FIG. 10 shows yet another method of making an optical proximity sensor 10 according to one embodiment. As shown in FIG. 10, at process input 100 a PCB panel having LED dice 16 and light detector dice 12 attached and wirebonded to individual substrates 11 mounted on the panel are provided. At step 110, the PCB panel is placed in a first mold configured to permit casting or transfer molding. At step 120, the infrared pass material is manually or automatically injected into the first mold to form the first and second molded optically-transmissive components 31 and 32 over light emitter dice 16 and light detector dice 12 for each of proximity sensors 10. Next, at step 130 the infra-red pass molded materials are oven cured for the requisite period of time at the required temperature. At step 140, the PCBs are removed or released from the first mold. Next, at step 150 the overmolded PCB panel with the remaining dice attached and wire-bonded to the individual PCB substrates is prepared for step 160, where the PCB panel is placed in a second mold. At step 170 the infrared cut material is manually or automatically injected into the second mold to form the substantially optically non-transmissive light barriers 33 disposed between first and second molded optically-transmissive components 31 and 32 for each of proximity sensors 10. Next, at step 180 the infra-red cut barrier molded materials are oven cured for the requisite period of time at the required temperature. At step 190, the PCBs are removed or released from the second mold. At step 200 the finished PCB panel is prepared for singulating the individual proximity sensors 10 from the PCB panel.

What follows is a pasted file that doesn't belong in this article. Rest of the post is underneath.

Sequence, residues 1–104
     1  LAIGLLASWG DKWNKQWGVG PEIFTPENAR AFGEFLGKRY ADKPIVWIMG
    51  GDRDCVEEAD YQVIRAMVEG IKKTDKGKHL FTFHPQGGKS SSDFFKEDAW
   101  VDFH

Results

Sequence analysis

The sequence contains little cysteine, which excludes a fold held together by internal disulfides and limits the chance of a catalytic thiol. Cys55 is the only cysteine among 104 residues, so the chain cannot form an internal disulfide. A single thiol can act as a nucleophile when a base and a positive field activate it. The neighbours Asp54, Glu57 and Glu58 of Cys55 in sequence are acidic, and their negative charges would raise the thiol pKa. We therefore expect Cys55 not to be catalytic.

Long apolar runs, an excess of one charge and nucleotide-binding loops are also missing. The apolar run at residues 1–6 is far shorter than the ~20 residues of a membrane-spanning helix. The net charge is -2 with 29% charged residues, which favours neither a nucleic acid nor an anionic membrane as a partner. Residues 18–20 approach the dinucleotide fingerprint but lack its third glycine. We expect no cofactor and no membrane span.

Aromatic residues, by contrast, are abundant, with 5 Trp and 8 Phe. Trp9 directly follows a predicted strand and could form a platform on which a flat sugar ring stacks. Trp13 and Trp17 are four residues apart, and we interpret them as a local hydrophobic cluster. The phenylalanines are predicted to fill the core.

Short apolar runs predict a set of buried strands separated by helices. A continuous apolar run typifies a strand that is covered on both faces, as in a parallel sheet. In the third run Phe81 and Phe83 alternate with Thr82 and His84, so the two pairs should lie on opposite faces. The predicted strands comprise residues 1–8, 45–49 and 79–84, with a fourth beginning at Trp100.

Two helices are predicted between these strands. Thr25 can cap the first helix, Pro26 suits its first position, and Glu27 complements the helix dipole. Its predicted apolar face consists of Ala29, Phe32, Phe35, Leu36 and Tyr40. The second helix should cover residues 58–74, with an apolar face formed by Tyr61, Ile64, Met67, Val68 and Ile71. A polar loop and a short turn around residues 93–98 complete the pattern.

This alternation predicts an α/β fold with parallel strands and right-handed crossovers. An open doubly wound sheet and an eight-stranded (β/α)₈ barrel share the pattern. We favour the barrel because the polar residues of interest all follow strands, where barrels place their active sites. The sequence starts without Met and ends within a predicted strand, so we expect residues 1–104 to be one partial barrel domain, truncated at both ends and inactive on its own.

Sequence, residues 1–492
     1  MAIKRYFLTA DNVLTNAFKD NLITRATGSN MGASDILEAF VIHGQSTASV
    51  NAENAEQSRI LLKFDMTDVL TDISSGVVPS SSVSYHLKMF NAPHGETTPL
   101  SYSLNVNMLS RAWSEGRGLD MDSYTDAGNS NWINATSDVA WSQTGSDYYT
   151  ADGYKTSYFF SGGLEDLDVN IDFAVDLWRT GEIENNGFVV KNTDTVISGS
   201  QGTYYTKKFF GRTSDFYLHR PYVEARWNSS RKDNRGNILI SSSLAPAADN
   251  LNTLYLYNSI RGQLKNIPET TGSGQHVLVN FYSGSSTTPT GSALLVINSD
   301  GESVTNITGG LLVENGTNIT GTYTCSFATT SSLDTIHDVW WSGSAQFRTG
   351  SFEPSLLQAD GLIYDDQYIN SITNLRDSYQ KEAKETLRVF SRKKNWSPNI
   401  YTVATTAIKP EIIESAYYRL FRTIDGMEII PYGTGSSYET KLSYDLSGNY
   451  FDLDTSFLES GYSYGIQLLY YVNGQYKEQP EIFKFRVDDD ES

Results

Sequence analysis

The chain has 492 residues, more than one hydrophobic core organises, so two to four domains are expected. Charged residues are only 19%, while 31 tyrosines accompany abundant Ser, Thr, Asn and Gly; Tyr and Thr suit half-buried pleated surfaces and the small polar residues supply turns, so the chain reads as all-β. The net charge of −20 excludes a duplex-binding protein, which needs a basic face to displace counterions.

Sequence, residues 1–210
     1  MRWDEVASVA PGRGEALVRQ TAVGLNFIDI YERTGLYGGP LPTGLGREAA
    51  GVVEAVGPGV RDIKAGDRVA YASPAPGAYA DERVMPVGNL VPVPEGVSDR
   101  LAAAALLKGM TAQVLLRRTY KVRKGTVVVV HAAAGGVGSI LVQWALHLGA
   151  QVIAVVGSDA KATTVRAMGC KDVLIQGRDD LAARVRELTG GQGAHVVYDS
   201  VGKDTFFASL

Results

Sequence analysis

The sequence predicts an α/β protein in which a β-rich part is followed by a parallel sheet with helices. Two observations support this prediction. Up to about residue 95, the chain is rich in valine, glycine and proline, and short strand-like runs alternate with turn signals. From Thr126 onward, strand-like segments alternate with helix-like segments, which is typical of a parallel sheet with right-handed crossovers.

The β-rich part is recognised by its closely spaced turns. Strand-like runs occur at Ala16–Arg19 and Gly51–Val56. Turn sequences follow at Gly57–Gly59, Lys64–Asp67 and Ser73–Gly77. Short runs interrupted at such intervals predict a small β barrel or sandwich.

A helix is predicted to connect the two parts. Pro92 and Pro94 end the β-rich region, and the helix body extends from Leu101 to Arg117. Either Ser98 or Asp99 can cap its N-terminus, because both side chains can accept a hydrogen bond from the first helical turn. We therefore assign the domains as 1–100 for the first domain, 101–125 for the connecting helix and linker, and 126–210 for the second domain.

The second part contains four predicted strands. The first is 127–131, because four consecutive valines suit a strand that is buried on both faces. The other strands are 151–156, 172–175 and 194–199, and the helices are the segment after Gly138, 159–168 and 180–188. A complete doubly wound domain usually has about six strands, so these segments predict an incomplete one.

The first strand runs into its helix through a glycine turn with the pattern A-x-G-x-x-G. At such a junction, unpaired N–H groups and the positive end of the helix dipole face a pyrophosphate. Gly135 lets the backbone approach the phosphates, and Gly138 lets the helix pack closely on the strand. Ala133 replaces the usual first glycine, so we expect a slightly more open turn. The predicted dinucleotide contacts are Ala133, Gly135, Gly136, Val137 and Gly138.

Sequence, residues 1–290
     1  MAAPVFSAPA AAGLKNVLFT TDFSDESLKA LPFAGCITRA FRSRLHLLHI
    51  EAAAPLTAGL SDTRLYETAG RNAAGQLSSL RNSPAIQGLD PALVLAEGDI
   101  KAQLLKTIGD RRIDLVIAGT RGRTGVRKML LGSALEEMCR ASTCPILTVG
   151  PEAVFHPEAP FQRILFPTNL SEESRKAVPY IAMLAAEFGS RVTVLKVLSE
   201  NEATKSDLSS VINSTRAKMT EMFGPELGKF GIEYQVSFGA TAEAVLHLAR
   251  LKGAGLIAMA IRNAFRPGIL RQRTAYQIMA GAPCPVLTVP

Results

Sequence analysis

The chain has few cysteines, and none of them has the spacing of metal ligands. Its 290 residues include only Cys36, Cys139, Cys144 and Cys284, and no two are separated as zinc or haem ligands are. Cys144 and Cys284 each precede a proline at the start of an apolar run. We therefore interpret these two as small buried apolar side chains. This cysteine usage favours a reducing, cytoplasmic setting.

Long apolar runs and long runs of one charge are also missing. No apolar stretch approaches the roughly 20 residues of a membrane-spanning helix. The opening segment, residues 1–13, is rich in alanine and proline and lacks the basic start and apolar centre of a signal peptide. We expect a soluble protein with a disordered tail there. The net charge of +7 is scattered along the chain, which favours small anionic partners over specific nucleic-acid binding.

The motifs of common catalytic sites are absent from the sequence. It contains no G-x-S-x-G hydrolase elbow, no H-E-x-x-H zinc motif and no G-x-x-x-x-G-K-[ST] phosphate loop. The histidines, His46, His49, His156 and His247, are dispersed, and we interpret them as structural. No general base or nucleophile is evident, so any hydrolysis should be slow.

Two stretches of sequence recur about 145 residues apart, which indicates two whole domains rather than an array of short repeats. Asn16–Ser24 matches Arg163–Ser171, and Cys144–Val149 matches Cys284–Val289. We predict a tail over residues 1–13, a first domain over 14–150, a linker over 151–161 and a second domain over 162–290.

Included within the scope of the present invention are methods of making and having made the various components, devices and systems described herein.

Various embodiments of the invention are contemplated in addition to those disclosed hereinabove. The above-described embodiments should be considered as examples of the present invention, rather than as limiting the scope of the invention. In addition to the foregoing embodiments of the invention, review of the detailed description and accompanying drawings will show that there are other embodiments of the invention. Accordingly, many combinations, permutations, variations and modifications of the foregoing embodiments of the invention not set forth explicitly herein will nevertheless fall within the scope of the invention.

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Classifications
U.S. Classification250/338.1, 29/832
International ClassificationH05K3/30, G01J5/02
Cooperative ClassificationY10T29/4913, G01D5/34715, H01L33/56, G01S17/026, H01L31/173, H03K2217/94108, H01L31/167, H03K17/941, H03K2017/9455, G01S7/4813
European ClassificationH03K17/94L, G01S7/481B2, G01S17/02D, G01D5/347B2
Legal Events
DateCodeEventDescription
Jun 30, 2009ASAssignment
Owner name: AVAGO TECHNOLOGIES ECBU IP (SINGAPORE) PTE. LTD.,
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Effective date: 20140506